There’s the Amazon and then there’s Amazon. Both have made headlines this past week that matter for Swiss multinationals.
Last week, the Swiss government signed a free trade deal with the Mercosur economic region that has created a storm among left-wing parties, who argue that the government is prioritizing commercial interestsexternal link above the environment as fires rage in the Amazon rainforest.
Swiss economics minister Guy Parmelin defended the dealexternal link saying that the country will have more leverage to stop deforestation. The Swiss engineering sector is pleased that around 95% of Swiss exports to the Mercosur region will be exempt from tariffs. But farmers are not entirely convinced. Parmelin’s response: there’s a huge market for Swiss cheese.
The other Amazon was also in the line of fire in the past few days. Just when you thought the list of complaints against the online retail giant couldn’t get any longer, a ProPublica investigation revealed that the company is skirting liability for accidentsexternal link involving the drivers who deliver its billions of packages a year.
What does this have to do with Switzerland? Online retail is still in its infancyexternal link, though growing, in the Alpine country compared to the situation in countries like China and the US where Amazon boxes can be seen on nearly every other doorstep in some places. But, it raises, yet again, the question of whether control amounts to responsibility - something that is at the heart of discussions around Switzerland’s Responsible Business Initiativeexternal link.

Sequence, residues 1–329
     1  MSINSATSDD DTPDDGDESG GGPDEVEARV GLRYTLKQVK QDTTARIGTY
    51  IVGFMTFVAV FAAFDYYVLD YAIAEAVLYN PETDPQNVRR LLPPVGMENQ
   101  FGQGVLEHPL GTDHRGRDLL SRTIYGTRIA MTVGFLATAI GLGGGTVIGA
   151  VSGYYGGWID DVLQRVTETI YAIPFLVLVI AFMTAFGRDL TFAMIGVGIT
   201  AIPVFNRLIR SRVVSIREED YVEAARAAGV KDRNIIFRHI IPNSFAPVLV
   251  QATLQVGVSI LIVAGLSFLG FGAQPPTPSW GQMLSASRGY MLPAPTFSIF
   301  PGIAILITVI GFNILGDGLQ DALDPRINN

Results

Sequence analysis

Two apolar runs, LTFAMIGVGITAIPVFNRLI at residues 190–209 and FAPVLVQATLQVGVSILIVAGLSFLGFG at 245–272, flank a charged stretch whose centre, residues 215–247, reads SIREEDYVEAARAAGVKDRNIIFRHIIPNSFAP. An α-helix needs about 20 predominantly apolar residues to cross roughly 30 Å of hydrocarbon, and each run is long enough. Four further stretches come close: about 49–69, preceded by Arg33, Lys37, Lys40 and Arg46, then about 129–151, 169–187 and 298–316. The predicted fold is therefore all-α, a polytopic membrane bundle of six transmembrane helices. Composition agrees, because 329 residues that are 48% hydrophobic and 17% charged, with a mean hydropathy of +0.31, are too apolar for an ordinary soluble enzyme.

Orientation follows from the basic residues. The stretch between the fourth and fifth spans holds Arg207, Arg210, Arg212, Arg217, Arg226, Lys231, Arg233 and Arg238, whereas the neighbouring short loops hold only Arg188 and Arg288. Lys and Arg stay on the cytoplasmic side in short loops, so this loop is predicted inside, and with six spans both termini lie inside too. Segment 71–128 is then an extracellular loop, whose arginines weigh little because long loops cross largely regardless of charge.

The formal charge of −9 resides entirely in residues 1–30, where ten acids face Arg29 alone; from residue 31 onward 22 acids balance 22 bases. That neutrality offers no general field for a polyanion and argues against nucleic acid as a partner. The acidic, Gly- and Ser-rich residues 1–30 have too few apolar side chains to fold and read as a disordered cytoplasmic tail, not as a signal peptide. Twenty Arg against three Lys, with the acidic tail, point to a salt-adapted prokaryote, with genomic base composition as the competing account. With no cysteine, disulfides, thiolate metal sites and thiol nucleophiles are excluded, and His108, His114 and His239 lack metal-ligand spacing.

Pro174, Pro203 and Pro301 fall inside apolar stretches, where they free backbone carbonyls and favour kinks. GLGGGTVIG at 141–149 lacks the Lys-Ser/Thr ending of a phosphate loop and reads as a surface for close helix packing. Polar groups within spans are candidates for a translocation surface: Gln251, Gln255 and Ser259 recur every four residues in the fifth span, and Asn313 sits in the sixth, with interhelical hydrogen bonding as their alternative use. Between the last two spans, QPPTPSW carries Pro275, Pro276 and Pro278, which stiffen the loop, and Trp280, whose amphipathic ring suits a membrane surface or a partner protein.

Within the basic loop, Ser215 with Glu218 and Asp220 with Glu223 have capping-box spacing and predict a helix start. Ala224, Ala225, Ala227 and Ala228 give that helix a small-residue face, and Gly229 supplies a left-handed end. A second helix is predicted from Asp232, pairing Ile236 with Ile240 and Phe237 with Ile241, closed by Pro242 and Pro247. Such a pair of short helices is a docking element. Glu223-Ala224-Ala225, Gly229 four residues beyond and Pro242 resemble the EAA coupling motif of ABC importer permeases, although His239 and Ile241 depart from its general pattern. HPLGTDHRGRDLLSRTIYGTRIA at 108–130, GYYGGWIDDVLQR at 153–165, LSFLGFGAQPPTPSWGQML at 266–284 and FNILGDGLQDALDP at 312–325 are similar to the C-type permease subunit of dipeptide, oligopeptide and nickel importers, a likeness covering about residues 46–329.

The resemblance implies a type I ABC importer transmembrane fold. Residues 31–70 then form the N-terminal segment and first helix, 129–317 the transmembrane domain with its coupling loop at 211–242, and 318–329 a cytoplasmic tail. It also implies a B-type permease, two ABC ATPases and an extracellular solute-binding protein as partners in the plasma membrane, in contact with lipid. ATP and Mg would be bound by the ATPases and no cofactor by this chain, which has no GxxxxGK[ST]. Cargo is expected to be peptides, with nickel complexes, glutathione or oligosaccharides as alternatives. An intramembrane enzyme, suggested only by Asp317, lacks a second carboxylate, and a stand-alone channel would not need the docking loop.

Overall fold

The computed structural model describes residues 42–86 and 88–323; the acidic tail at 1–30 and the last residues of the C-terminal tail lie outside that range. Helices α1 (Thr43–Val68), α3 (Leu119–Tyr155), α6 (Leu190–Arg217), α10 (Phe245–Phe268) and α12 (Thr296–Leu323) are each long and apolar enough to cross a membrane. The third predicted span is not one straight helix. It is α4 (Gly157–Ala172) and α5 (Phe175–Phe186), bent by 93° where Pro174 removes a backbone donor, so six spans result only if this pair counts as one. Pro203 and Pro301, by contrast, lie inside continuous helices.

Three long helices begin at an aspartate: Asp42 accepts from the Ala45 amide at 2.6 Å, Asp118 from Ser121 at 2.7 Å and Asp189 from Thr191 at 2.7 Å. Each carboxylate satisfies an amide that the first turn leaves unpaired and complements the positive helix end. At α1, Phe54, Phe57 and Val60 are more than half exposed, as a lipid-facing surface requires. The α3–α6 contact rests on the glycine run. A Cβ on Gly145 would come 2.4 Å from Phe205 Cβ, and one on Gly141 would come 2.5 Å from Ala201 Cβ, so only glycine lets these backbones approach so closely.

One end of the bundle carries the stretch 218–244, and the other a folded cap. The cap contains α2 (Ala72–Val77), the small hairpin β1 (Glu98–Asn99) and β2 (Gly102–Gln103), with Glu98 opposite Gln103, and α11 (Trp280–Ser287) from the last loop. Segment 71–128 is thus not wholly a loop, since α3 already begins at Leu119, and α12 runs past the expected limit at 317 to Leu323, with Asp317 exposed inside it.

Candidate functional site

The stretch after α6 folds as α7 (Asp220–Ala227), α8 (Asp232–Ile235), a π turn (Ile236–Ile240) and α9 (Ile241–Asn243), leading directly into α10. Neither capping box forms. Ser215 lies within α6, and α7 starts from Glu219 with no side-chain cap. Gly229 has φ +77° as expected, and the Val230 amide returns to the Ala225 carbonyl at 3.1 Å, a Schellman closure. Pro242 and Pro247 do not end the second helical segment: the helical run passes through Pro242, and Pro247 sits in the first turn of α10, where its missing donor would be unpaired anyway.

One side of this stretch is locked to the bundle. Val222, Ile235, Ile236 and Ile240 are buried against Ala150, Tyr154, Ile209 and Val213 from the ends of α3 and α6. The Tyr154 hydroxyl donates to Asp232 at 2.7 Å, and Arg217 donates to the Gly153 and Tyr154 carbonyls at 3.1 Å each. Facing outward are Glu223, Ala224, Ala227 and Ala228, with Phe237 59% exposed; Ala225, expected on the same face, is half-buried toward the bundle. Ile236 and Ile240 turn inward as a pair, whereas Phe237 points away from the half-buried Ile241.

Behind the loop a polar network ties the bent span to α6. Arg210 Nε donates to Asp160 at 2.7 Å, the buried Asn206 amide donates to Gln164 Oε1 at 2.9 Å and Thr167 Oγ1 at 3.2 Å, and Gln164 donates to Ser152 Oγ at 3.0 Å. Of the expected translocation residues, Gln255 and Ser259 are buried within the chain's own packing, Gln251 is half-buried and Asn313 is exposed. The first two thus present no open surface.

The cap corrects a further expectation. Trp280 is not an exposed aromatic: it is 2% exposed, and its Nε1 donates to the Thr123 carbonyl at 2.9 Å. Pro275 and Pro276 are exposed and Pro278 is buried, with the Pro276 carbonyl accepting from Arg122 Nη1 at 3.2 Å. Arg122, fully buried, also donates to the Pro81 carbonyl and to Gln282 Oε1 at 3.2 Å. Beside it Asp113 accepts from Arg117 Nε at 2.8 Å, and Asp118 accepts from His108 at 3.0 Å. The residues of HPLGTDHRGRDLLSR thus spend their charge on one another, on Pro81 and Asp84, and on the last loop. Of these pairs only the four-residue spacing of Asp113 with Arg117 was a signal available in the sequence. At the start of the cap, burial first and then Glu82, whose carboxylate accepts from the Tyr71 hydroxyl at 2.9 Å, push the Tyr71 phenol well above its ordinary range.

ProPublica says “Even as Amazon argues that it bears no legal responsibility for the human toll, it maintains a tight grip on how the delivery drivers do their jobs.” Sound familiar?
What are your thoughts on who bears responsibility and what this means? Send me a message: firstname.lastname@example.org
And in other news:
Mysterious gold is raising more red flags for Switzerland’s gold refineries. Reuters reported last week that the American bank JPMorgan had discovered more than a thousand contraband gold barsexternal link in its safes over the last two years – many carrying the stamp of major Swiss refiners such as Metalor and Valcambi. Everyday people may not be up in arms about this, but there is reason to worry.
As my colleague reportedexternal link, refineries may be developing fancy techniques to prevent counterfeits, but they still know very little about the origin of the gold and the conditions where it is sourced.
Nestlé found itself in hot water this past week for its sponsorship of a study on breastmilk substitutes in India. The top medical research institute in India was not amused, calling it a violation of Indian lawexternal link and the international code on marketing of infant formula. Nestlé said that the study was for scientific purposes and not meant to promote its products or alternatives to breastmilk. But where do you draw the line?
Japan Tobacco International is cutting 250 jobs in Geneva. It’s unclear what the reasons are for shipping a quarter of its staffexternal link in Geneva to other parts of the world. Other companies, including Coty cosmetics, are also reportedly slimming down operationsexternal link in the area. The reason? To “remain competitive” according to Le Temps. Some in Geneva are wondering if the canton is simply a nice place for businesses to visit for a few years, but not a place to settle downexternal link.
What’s coming up? Let’s hope it’s not a recession but there are many signs that Switzerland is heading towards an economic rut. We’ll be keeping a close eye on what that means for multinationals and others; check out our Bloomberg feedexternal link for the latest updates.
Keep in touch,
Jessica (email@example.com, Twitter @JPluess)